Click to enlargeDEHUMANIZATION
The forest where David is left is littered with disposed robots. They are symbolic of the vast numbers of people that we have disposed of in our culture through racism, war, holocaust, abortion, infanticide, abandonment, family breakup, neglect, anger, selfishness -the list goes on and on.

Click to enlargeTHE CULTURE OF BOGUS LOVE
We are introduced to the culture of sexploitation, which borders the woods of dehumanization. Sexploitation and dehumanization always go hand in hand. When Gigolo Joe needs to escape, his only refuge is in the place of dehumanization. Even its name, Rouge City, is appropriate to its purpose, for rouge (blusher) sometimes gives women a false allure. Spielberg paints a devastating picture for us of our exploitative culture. We market human sensuality to fill our pockets with money. We are indeed a culture of greed.
Click to enlargeBOGUS LOVE TRANSFORMED BY REAL LOVE
Gigolo Joe (exploited lust) meets David (unconditional love) and transformation begins to take place as Joe begins his journey from dehumanization to full humanity. Unconditional love is the greatest force there is and this is what this film is all about.
Click to enlargeMIGHT IS NOT RIGHT
The forces that be use violence to exercise their illegitimate rule over others. Threats of abuse and violence intimidate and control so many in our culture. Spielberg now begins a look at violence -and how it can be overcome.
THE FLESH FAIR:
OVERCOMING VIOLENCE THROUGH SACRIFICIAL LOVE
(THE ULTIMATE POWER OF THE VICTIMS)
Click to enlargeTAKEN HOSTAGE BY EXPLOITATION
Little David is taken hostage by the culture of violence. He becomes symbolic of the many abused children all around us. With David are taken adult women and men. The culture of violence is no respecter of persons.
Click to enlargeClick to enlargeDavid becomes part of the vast numbers of nameless innocent prisoners in the Flesh Fair. A place of violence and death.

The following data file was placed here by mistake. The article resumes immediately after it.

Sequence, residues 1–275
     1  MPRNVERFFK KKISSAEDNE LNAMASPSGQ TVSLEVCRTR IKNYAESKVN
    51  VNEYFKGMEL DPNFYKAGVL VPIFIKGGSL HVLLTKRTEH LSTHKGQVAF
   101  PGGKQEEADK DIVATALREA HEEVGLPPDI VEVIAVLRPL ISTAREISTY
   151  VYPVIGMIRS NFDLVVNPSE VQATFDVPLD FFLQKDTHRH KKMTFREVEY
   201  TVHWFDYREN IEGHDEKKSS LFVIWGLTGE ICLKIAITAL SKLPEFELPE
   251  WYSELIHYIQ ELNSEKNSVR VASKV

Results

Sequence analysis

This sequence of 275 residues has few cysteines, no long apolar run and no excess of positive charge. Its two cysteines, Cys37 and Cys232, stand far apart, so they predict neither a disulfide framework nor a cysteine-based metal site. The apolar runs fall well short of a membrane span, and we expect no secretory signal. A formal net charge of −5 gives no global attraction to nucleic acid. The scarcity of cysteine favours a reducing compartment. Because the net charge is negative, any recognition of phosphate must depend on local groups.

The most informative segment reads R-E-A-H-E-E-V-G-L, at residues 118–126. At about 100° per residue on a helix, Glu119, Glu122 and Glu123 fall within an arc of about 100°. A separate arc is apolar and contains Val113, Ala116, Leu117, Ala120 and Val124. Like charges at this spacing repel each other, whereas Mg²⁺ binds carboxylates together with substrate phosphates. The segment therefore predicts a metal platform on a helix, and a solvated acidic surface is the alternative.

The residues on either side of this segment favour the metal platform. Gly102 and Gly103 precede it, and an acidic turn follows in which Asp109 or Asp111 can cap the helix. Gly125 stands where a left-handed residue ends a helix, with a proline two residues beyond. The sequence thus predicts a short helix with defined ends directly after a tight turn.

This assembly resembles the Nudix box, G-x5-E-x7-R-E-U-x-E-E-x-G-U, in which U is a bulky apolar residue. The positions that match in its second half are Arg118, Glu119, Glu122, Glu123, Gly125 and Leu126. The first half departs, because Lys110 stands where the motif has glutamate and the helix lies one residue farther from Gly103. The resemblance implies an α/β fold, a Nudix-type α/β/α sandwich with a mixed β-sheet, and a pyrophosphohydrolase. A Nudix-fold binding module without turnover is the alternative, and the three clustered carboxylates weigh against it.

Click to enlargeTHE EXPLOITATIVE PROPHET OF VIOLENCE.
The crowd loves to see the robots killed by burning acid, fire and propellers. They yell for more... until little David is placed before them as a spotless little lamb for slaughter. The crowds finally see a victim as a full human being and are repulsed. They are suddenly sickened. David becomes the near-sacrifice that breaks the cycle of violence. The words of Jesus are quoted, "Let the one who is without sin cast the first stone." The attention of the crowd is turned from the victims to the attackers. Justice is served.

Click to enlargeVIOLENCE IS CONQUERED BY SACRIFICIAL LOVE.
The crowd loves to see the robots killed by burning acid, fire and propellors. They yell for more... until little David is placed before them as a spotless little lamb for slaughter. The crowds finally see a victim as a full human being and is repulsed. They are suddenly sickened. David becomes the near-sacrifice that breaks the cycle of violence. The words of Jesus are quoted, "Let the one who is without sin cast the first stone." The attention of the crowd is turned from the victims to the attackers. Justice is served.

David who represented the first Adam, now represents the second Adam.

Click to enlargeFREEDOM
David and Gigolo Joe are set free from their enslavement to the Skin Fair.
(MOULIN) ROUGE CITY:
TRANSCENDING POWER OF THE SPIRITUAL QUEST
(IN THE WORLD YET NOT OF IT)
Click to enlargeSENSUALITY DEVOID OF TRUE HUMANITY
The first stop in David's quest for the Blue Fairy is in Rouge City. David is traveling with Joe and this is the only place Joe knows. And actually, the only place a spiritual quest can begin is in the place where one is.
Click to enlargeTHE QUEST WITHIN THE CULTURE
God speaks through the culture, because people exist within the culture. Rouge City is where Joe knows women are and the Blue Fairy is a woman. Thus they begin.
Click to enlargeClick to enlargeBECOMING HUMAN
Little David isn't the only one who begins to exhibit signs of humanity. Watch for the subtle transformation of Joe. He has a tear on his cheek toward the end, watch for it.

Click to enlargeSPIRITUAL QUEST